Guys, it’s hot here. And by here, I mean in my house. You know, the one I just bought that probably costs more than all the other (owned) houses I’ve lived in combined. Yeah. Not happy.
Our swamp cooler is an ineffective piece of garbage. As I type, it’s 84 degrees in here. I have been running this g.d. thing all day, and it wasn’t hotter than 90. The humidity was low, too. I just don’t get it! We should in theory be able to keep the house easily below 80, if not below 75. We have tried everything to no avail. It’s just a hot, sticky mess in here.
Thank the heavens that we broke down and bought a window AC for our bedroom. I have been sleeping like a baby since we installed that thing!
Home ownership is not without its perils, particularly if you are fond of older houses with vintage charm (and vintage plumbing, electric, and ventilation). In just the past week alone, we’ve dropped nearly $1000 on repairs and immediately necessary upgrades.
First, it was the broken p-trap under the sink ($225). Then, it was the sub-standard swamp cooler that wasn’t cooling the house ($120). Then, our dishwasher decided it wasn’t going to really get any of our dishes clean if there was even a crumb on any of them ($500). The new dishwasher was supposed to come in today, but the installer wasn’t able to do anything because the valve from the water line to the dishwasher was not up to modern standards. There goes another $100+ bringing in a plumber, who will likely also have to tinker w/ our ice maker water line so that it actually, y’know, makes ice. This all does not include some electrical work that we will definitely need to do on the part of the house where our bedroom is. We went through hours of trying to remove and replace a GU10 halogen bulb in the bathroom light fixture, only to learn that the socket itself is faulty. Damn. It. ALL!
To be fair, we actually do have the money for all of this (and boy are we thankful). The irritation comes from the fact that we paid a lot of money for our house, and paid for every possible kind of home inspection before buying for the exact purpose of preventing the very situation we’re in. I’d rather sink that cool grand into a few nice excursions, dinners, or a vacation at some later date. Instead, we’re paying the price for the neglect and shoddy workmanship inflicted on the house by a few of the prior owners. None of this stuff came up in the inspection, which is all the more infuriating.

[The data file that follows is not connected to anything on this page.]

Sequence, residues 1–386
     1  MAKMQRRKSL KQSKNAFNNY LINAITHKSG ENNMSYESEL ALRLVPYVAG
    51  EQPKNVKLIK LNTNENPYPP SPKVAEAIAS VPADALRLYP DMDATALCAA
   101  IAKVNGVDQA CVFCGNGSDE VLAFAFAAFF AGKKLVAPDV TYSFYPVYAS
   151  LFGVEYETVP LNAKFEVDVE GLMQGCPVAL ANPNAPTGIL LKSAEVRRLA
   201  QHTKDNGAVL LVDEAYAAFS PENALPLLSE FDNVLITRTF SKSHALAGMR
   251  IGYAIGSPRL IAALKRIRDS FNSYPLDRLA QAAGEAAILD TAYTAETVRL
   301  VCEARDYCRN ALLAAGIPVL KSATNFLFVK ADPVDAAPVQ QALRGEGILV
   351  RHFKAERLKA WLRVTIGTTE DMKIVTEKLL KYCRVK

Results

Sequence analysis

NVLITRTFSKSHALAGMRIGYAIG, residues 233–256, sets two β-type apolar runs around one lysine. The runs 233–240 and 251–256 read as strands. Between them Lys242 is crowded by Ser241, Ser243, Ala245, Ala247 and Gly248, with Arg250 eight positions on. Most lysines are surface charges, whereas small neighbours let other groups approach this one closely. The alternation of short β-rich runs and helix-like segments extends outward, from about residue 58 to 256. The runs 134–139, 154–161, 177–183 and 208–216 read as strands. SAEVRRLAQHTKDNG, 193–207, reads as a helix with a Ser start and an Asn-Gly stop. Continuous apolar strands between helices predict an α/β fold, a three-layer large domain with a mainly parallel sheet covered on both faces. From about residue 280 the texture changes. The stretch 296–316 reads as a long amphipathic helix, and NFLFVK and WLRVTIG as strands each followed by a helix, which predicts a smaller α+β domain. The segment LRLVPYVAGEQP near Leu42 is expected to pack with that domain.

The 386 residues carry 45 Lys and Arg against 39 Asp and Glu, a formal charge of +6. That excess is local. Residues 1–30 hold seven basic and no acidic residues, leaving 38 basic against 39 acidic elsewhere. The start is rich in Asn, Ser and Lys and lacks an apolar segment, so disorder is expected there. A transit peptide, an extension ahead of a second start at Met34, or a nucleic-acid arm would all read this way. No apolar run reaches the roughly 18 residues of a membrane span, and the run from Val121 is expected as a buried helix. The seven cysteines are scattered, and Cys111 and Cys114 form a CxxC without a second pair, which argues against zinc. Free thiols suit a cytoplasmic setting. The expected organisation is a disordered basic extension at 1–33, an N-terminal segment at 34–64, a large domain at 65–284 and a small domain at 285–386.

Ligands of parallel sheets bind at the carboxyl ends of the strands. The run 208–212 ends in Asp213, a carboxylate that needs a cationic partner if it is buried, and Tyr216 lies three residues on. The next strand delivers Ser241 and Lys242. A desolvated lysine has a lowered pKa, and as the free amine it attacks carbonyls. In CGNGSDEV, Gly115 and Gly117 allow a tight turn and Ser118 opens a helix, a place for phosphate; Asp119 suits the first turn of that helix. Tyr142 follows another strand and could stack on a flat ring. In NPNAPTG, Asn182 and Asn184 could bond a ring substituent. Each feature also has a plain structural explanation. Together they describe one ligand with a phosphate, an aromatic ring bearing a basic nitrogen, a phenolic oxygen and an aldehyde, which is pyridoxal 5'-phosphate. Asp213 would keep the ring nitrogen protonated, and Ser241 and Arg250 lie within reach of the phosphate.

Now I understand why some people choose to be lifelong renters.
So, I have a bit of a morbid streak. Most people who know me have no idea (and would be totally shocked if they knew), but if there is some really weird, freaky thing related to dead people, I’m on it. Saints’ relics? Yes, please. Oh, you have the actual saint on display in your chapel? Oooh, cool! It’s not because I’m weird or crazy (no, seriously), but because I find the lives and their respective legacies to be super interesting. My dad was and still is an avid genealogist, and I think I get this tendency from him. Whenever I’m in any historic place, I think about what people were thinking when they were here, even if it was millenia ago (psychologist that I am). My spouse finds it a bit unnerving that I want to look at “dead people stuff,” but I can’t help my fascination.
There’s a really great hike in the mountains above Albuquerque where a plane crashed into the Sandia Mountains almost 60 years ago. The flight was going to Santa Fe, and somehow didn’t get high enough to clear the mountains. Apparently, it took days for crews to even reach the site. It’s actually a pretty sad story, as aviation accidents go. The initial report on the cause of the crash blamed the pilots, saying that they were in some kind of bizarre suicide pact. (No, I don’t find those interesting. They creep me the hell out!) The pilot’s poor widow got all kinds of hate mail and threatening phone calls, as she herself was grieving over the loss of her husband. Terrible stuff. They eventually determined that the crash was due to instrument error, thereby clearing the name of the pilots.
The wreckage of the plane remains up there, with a plaque listing the victims’ names and hometowns. It’s a sobering reminder that even though technology has improved dramatically since then, life can be utterly fragile. We’ll be hiking up there this weekend, and I look forward to seeing this iconic and odd place.
We knew before buying this house that we would be making changes. The master suite, in particular, just wasn’t us. There was carpet, lavender and magenta walls, a filter blocking the skylight…ewww.
So far, we put in cork floors (highly recommend) and started painting. Check it out!
Bedroom wall before
Bed and bath after one day!
What an amazing month it’s been. Between buying a house, moving, going on vacation, Albuquerque Beer Week (actually lasts two weeks…), and a Biblical-grade infestation of grasshoppers, May just flew by in an instant! The next couple of months will be full of good things like visiting friends, fixing up our new house, getting the rest of the awesome furniture we ordered, my birthday, and maybe some more regional travel. We found that now that we have a good bit of gear and some knowledge, camping can be a lot of fun!